In Honor of World Elephant Day, Martin D-28 Guitar Autographed by Paul McCartney to #SaveElephants

Signed left-handed guitar benefits The Nature Conservancy

Arlington, VA | August 12, 2014

One of the most beloved Singer/Songwriters of all time is helping save one of the world’s most beloved species in honor of World Elephant Day.

The Nature Conservancy will auction a Martin D-28 (left-handed) guitar autographed by Sir Paul McCartney provided by Martin Guitar, founding sponsor of The Nature Conservancy’s #SaveElephants initiative tomorrow at 9 am. You can learn more about bidding on this one of a kind guitar at

Sir Paul has worked passionately for decades to make the world a better place for animals. In a nod to Woody Guthrie’s famous guitar, Sir Paul wrote “This Guitar Saves Elephants” on this gorgeous Martin D-28 that is left-handed like Sir Paul plays. A fitting slogan since the funds raised will be directed to The Nature Conservancy’s African Elephant Initiative, a global effort to work with partners in Africa, China, and elsewhere to increase security for elephants on the ground and to reduce demand for ivory.

“To have Sir Paul’s support and working with Martin Guitar is a real honor,” said David Banks, Managing Director, Africa Program, The Nature Conservancy. “This caliber of collaboration will make a difference to help end the worst poaching crisis in history.”

It’s estimated that there were 1.2 million elephants in Africa in 1980. Now only about 430,000 remain, with an estimated 20,000 elephants killed last year alone for their tusks.*

"The Martin Guitar Company has been concerned about the African Elephant ivory poaching for over 45 years. We believe that everyone can make a difference to help save these magnificent animals. Joining forces with The Nature Conservancy on their #SaveElephants initiative has been very gratifying to everyone involved and having one of the most celebrated and recognizable Singer/Songwriters of our time sign our donated D-28 has exceeded our expectations," says Amani Duncan V.P., Brand Marketing for Martin Guitar. "We are thrilled the proceeds raised will continue to fund the critical work of those brave souls on the front lines working every day to make a difference."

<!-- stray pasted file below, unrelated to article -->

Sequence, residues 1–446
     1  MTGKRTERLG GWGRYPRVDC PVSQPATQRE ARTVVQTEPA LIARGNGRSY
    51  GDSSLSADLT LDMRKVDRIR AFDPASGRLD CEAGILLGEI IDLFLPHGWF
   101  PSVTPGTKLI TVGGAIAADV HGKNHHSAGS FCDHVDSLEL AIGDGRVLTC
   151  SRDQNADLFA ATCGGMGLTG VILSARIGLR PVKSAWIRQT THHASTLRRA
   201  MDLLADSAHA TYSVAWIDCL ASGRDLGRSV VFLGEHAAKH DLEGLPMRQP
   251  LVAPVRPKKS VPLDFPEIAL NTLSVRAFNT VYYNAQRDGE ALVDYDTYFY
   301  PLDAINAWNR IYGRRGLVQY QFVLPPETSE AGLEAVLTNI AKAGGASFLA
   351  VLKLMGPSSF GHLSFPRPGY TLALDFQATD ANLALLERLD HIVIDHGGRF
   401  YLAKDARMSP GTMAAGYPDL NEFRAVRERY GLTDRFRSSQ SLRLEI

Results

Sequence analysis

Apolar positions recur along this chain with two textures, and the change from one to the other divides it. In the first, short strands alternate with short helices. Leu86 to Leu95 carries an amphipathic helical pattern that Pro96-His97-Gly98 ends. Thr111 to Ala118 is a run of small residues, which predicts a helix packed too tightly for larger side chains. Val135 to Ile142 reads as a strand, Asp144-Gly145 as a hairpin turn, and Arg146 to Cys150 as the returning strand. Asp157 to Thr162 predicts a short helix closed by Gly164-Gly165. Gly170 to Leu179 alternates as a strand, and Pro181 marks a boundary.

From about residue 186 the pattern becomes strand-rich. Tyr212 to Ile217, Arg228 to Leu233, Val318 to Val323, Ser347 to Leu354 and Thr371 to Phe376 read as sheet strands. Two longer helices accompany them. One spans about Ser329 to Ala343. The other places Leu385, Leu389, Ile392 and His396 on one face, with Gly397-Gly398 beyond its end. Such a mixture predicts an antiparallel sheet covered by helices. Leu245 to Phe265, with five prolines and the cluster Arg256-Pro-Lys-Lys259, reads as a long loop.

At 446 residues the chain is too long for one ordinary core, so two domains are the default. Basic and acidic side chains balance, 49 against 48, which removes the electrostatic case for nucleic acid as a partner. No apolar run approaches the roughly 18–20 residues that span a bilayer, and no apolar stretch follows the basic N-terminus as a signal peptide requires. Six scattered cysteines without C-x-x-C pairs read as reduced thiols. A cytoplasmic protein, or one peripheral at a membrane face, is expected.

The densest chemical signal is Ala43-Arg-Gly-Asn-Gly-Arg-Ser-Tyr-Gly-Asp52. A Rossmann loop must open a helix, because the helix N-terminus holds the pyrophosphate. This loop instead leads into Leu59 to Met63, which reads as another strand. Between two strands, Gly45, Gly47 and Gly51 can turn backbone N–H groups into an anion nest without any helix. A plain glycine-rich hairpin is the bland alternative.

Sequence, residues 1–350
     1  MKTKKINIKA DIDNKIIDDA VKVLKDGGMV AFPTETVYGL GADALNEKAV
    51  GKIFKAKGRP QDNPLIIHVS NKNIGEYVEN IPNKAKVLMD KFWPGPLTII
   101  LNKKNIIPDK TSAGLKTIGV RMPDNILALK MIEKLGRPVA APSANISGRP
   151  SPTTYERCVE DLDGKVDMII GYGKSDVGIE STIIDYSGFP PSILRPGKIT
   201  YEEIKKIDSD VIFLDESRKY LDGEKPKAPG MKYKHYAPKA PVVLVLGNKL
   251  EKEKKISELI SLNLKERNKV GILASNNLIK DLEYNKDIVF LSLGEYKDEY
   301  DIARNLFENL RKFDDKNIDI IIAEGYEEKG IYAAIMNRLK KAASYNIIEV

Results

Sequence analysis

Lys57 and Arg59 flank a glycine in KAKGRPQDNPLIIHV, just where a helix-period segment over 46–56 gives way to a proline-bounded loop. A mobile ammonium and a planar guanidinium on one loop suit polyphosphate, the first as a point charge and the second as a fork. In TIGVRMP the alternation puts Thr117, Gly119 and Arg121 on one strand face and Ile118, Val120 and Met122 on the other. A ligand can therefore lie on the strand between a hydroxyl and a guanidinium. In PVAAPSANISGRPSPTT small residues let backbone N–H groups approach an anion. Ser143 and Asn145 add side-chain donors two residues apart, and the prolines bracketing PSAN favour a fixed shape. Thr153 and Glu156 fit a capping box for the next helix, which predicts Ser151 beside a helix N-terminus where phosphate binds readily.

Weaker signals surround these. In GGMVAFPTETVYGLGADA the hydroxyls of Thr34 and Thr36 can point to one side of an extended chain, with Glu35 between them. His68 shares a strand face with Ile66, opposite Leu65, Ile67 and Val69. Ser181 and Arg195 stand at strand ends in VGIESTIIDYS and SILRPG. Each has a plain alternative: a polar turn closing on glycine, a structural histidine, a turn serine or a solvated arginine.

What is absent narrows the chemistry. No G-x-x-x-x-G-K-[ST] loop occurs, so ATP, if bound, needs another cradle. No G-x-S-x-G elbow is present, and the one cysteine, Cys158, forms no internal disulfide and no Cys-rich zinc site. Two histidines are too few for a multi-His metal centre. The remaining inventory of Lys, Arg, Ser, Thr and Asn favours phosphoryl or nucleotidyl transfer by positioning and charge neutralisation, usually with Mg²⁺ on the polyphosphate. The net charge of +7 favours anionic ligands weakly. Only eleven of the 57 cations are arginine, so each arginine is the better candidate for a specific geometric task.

If the guitar is out of your budget range, you can still make a difference for elephants. With the click of a button, people can join the herd and help rally more support for elephants at

The Nature Conservancy is working with many partners to protect elephants through a holistic approach that addresses both the supply and demand side of the ivory crisis. Most illegal ivory is trafficked to Asian countries, most notably China, where they are carved into chopsticks, bracelets, and other items. Unfortunately, there is widespread misinformation, leaving many Chinese consumers unaware of the truth about the origins of ivory, so The Nature Conservancy is working with some of the most influential private sector leaders in China to educate consumers and erode the prestige of ivory. At the same time, the Conservancy is working with partners in Africa to increase security forces, expand conservation areas, and importantly, tackle the root cause of poaching: poverty and instability. The only way to protect elephants long-term is to provide conservation incentives to the people who live among them.

*Report issued by the CITES Monitoring Illegal Killing in Elephants (MIKE) programme and the Elephant Trade Information System (ETIS) in July 2014.

About Martin Guitar’s Commitment to Elephants

Thanks to the efforts of Martin Guitar, a long list of award-winning Artists are helping raise funds and rally support for The Nature Conservancy’s work with partners to protect elephants. Martin has also provided five custom elephant-themed guitars for use in raising funds and rallying support for elephants.

Martin Guitar has been concerned about the poaching of African elephants since the early 1970s when it made the choice to start phasing out elephant ivory on its instruments. In 2013, Martin Guitar stopped using Preserved Mammoth Ivory (PMI) on its instruments and proudly states that PMI, like elephant ivory before, has been completely removed from its supply chain and is no longer used on any guitar model it manufactures. Learn more about Martin Guitar’s responsible guitar building and their commitment to the environment at and

The Nature Conservancy is a leading conservation organization working around the world to conserve the lands and waters on which all life depends. Visit The Nature Conservancy on the web at To learn about the Conservancy’s global initiatives, visit To keep up with current Conservancy news, follow @nature_press on Twitter.

Contact information

Kathleen Goldstein
The Nature Conservancy
(202) 841-0295

Brian Moriarty
Martin Guitar
(212) 981-5252


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